HOUSTON, June 4 (Xinhua) -- A newly developed fertilizer system may provide nutrition to engineered cotton crops, while suppressing weeds that are increasingly herbicide resistant, according to a public release by U.S. Texas A&M AgriLife Communications on Monday.
According to the Texas A&M AgriLife Research study, the new system applies phosphite to cotton crops engineered to express a certain gene -- a gene that makes cotton able to process the phosphite into nutrition while the same compound suppresses weeds that are unable to use it.
"Our researchers here at Texas A&M AgriLife have addressed an issue that costs producers billions of dollars," said Patrick Stover, vice chancellor of agriculture and life sciences at Texas A&M in College Station, about 160 km northwest of downtown Houston."
Stover, also acting director of Texas A&M AgriLife Research, said, "This is an economical, environmentally safe and sustainable solution."
He said this is an exciting and timely discovery in the movement to get ahead of the ongoing problem of weeds evolving faster than the chemicals and other methods developed to control them.
"We believe the ptxD/phosphite system we have developed is one of the most promising technologies of recent times that can help solve many of the biotechnological, agricultural and environmental problems we encounter," said Keerti Rathore, an AgriLife Research plant biotechnologist.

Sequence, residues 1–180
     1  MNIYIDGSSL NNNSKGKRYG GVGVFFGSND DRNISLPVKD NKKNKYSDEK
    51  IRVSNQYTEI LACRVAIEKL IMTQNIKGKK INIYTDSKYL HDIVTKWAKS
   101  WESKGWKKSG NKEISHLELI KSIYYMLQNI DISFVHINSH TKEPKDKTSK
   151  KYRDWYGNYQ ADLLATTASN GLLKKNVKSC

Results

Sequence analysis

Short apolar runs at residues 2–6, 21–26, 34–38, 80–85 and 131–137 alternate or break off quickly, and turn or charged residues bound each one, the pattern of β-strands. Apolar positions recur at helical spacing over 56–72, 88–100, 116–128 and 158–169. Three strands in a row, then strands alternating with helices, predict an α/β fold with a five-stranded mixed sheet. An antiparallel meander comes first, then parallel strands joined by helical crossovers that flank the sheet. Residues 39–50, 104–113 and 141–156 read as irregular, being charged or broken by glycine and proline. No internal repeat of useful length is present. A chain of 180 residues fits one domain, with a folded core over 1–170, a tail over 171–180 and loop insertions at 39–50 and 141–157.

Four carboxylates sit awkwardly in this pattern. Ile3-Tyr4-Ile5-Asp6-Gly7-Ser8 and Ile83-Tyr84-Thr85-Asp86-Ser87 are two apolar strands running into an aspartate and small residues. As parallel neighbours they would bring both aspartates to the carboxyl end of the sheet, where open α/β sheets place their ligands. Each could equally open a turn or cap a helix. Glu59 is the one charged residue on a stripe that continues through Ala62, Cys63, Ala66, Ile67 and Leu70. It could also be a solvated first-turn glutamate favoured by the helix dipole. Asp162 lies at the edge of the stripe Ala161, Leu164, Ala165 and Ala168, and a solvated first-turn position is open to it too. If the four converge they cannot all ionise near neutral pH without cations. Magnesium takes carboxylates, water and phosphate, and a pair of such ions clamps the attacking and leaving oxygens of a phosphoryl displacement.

Phosphorus is a major element required by all living beings - life is not possible without it. Most organisms can only utilize phosphorus in the form of orthophosphate.
"We have determined ptxD-expressing cotton plants can utilize phosphite as a sole source of phosphorus while weeds cannot, thus making it effective at suppressing weed growth," Rathore said.
Weeds typically are managed manually, mechanically or chemically. However, he said, chemical control options are rapidly shrinking due to an increasing number of herbicide-resistant weeds in crop fields, with few alternatives on the horizon.
Rathore, who has been researching genetic improvement of cotton for more than 20 years, said herbicide-resistance in weeds is not just a U.S. problem, but rather a global challenge for producers of cotton, corn and soybeans.
Such a development will also relieve some of the negative perceptions associated with the use of herbicide-resistance genes and heavy dependence on herbicides, he said.
Rathore has also developed cotton plants that produce very low levels of gossypol in the seeds to improve the safety and nutrition aspects of the cotton seed, but simultaneously maintain normal levels of this chemical in the foliage, floral parts, boll rind and roots for protection against insects and pathogens.
Future studies will focus on testing ptxD-transformants in the fields that are low in phosphorus as well as evaluating the utility of phosphite as an over-the-top 'herbicide,' Rathore said. Also, long-term impact of the use of phosphite as a source of phosphorus on the soil microflora under field conditions needs to be investigated.
Texas A&M University opened its doors in 1876 as the state's first public institution of higher learning. Located in the heart of the Houston-Dallas-Austin triangle, within a two-hour drive of 26 million of the state' s 28 million residents, Texas A&M's main campus in College Station is home to more than 62,500 students. Another 5,700 are at the branch campuses across the State of Texas.